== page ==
The Audubon Zoo is an American zoo located in New Orleans, Louisiana. It is part of the Audubon Nature Institute which also manages the Aquarium of the Americas. The zoo covers 58 acres (23 ha) and is home to 2,000 animals. It is located in a section of Audubon Park in Uptown New Orleans, on the Mississippi River side of Magazine Street. The zoo and park are named in honor of artist and naturalist John James Audubon who lived in New Orleans starting in 1821.
|Date opened||1914 |
|Location||New Orleans, Louisiana, United States|
|Land area||58 acres (23 ha)|
|No. of animals||2,000|
|Major exhibits||Reptile Encounter, Swamp Exhibit|
Some of the exhibits include gorillas, orangutans, and the Louisiana swamp exhibit. It is also home to a rare white alligator with blue eyes. The zoo is open year-round Tuesday through Sunday and Monday through Sunday in the spring and summer, except Mardi Gras, the First Friday in May, Thanksgiving, and Christmas Day.
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While there had been animal exhibits on and around this site for the World Cotton Centennial Exhibition 1884 World's Fair, the origins of the current zoo are found in the early 20th century. A flight cage has been in it since 1916. In the boom of the 1920s many additions were made; the sea lion pool with neo-classical columns from 1928 can still be seen today, as can a few art nouveau buildings later used as a reptile exhibit.
During the Great Depression a $400,000 expansion of the zoo was conducted by the Works Progress Administration. Many new cages were constructed, along with an artificial hill known as "Monkey Hill", built to show the children of flat New Orleans what a hill looks like. Local folklore calls Monkey Hill the highest point in New Orleans, although another artificial hill in City Park competes for that title.
By the early 1970s, the zoo was in a state of decay. The small prison-like brick and steel bar cages constructed by the WPA were no longer considered appropriate environments for many of the animals displayed in them. A study suggested that it should be closed down unless the city could make a major commitment to upgrade it. City government, local businesses, and private citizens rallied in support of it, and in 1975 the city's voters approved a measure to finance its rebuilding. Zoo grounds were expanded from 14 to 50 acres (57,000 to 200,000 m2). By the end of the decade, the Audubon Zoo was already well on its way to becoming one of the finest ones in the United States.
More improvements and expansions continued into the 21st century, making the Audubon Zoo popular not only with locals but also drawing substantial numbers of tourists visiting from other states and nations.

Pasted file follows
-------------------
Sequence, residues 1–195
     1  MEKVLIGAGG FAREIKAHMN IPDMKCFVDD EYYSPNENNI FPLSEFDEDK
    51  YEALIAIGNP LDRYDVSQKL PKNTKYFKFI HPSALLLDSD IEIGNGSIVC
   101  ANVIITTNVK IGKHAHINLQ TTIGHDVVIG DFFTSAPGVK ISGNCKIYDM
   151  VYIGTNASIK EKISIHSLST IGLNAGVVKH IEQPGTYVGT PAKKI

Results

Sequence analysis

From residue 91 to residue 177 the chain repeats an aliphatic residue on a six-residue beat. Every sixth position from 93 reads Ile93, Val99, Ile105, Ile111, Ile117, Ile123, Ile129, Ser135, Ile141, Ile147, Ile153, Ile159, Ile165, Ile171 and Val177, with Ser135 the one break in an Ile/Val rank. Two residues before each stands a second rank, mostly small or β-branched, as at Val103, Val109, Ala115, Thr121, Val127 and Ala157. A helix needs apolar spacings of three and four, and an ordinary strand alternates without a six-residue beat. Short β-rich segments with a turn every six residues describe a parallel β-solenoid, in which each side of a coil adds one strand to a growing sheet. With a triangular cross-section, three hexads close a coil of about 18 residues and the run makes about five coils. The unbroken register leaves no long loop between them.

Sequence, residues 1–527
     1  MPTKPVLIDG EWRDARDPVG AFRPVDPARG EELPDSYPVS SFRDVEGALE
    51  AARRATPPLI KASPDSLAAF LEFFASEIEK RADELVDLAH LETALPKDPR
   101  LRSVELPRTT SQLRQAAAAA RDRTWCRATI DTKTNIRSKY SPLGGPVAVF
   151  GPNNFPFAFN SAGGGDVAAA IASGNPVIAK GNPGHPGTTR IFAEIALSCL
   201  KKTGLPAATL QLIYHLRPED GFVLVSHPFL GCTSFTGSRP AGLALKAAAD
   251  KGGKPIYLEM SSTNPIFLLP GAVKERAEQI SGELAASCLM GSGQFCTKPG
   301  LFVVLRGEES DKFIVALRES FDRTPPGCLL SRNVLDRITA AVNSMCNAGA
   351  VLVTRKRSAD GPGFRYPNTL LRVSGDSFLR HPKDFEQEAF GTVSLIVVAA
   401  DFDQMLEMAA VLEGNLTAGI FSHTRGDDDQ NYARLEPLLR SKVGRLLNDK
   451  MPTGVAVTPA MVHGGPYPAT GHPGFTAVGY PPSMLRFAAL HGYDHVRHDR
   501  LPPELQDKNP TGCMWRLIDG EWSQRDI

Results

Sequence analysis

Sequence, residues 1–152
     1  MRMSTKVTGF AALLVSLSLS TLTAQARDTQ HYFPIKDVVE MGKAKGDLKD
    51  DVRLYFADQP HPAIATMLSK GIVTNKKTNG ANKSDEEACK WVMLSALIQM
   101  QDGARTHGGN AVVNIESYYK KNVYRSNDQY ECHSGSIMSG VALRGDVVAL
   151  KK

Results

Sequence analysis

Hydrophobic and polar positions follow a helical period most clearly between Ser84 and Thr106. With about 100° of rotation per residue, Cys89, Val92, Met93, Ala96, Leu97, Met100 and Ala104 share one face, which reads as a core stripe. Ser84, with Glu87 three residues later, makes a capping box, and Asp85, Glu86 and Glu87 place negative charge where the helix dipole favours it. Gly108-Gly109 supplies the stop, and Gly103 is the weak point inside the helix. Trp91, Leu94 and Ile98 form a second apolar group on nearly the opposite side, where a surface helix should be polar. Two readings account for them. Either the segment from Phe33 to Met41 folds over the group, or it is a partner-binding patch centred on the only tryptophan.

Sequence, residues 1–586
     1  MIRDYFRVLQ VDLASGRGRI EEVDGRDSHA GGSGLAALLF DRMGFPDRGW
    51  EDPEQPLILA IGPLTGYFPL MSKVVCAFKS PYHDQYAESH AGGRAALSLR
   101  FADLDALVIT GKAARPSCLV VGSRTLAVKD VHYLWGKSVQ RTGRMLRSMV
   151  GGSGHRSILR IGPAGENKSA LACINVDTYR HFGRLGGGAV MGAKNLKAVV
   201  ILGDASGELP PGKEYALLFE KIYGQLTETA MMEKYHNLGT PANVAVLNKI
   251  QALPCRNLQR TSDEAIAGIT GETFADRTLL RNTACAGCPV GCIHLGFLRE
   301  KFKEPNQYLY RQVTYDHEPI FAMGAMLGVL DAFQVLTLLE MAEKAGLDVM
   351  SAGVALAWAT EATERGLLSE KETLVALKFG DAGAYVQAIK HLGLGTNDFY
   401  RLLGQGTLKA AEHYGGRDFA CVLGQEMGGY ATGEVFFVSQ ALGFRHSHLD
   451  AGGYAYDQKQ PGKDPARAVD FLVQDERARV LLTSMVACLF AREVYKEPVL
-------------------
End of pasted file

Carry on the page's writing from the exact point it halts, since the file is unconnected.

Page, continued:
In 1987, an alligator nest was discovered with 18 freshly hatched babies with white hides—an extraordinary natural mutation called leucism (they are not albino). They received much attention when they went on display and became a symbol of the zoo.
In 1990, the Audubon Institute, which manages the zoo, opened the Aquarium of the Americas  in the CBD at the edge of the French Quarter. Some of the white alligators were transferred to there, and a riverboat began service taking visitors between the facilities.
The WPA-era Monkey Hill, a favorite landmark of generations of New Orleans children, underwent extensive renovation in the early 21st century, including the addition of a waterfall for young children to play in, a rope web that goes to the summit (which now has statues of lions), and a 20-foot (6 m) high "safari outpost" at the base of the hill. For posterity's sake, a portion of it was left as grass, so that children can still roll down it.
In 2005, Hurricane Katrina hit New Orleans, followed by severe consequences in the devastating aftermath of the storm. During the hurricane, zoo staff found refuge in the reptile house, which was apparently designed to withstand a major hurricane. Located on high ground atop an old natural river levee, it was not flooded. The majority of the animals survived—only three died—and the only major damage was downed trees. However, the zoo was short on food and other necessities in the days after the storm, and pumps were overheating.
The fact that the zoo sustained only minor damage can be attributed to disaster planning and its location on high ground. Zoo curator Dan Maloney was quoted as saying, "The zoo had planned for years for the catastrophic storm that has long been predicted for New Orleans."
The zoo reopened for Thanksgiving weekend in November 2005 and initiated a weekends-only schedule due to financial constraints. On March 1, 2006, it began a Wednesday through Sunday schedule, and eventually expanded to Tuesday through Sunday.
This exhibit is primarily outdoors, housing many samples of animals native to southern Louisiana. These include black bears, raccoons, river otters, nutria, cottonmouth, copperhead, various colubrids, leucistic alligators, and a number of normal American ones.
After Hurricane Katrina, it was thematically decorated to mimic the scenes seen around the city. There was a small refrigerator taped up outside of the front door, a blue tarp stretched over the roof, and a marking that indicated no casualties were found in it, rather, that the eight alligators that inhabit it were fed with the notion of the number 8 and "Gators Fed"
One of the newer and more famous residents of this exhibit is the Komodo dragon. Many other animals are also housed here, including the beaded lizard, Gila monster, green anaconda, reticulated python, gaboon viper, rattlesnake, caiman, and quite a few other reptiles and amphibians.
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- Silverstein, Jason (2018-07-14). "Jaguar escapes, kills 6 animals at New Orleans zoo". CBS News. Retrieved 2018-07-15.
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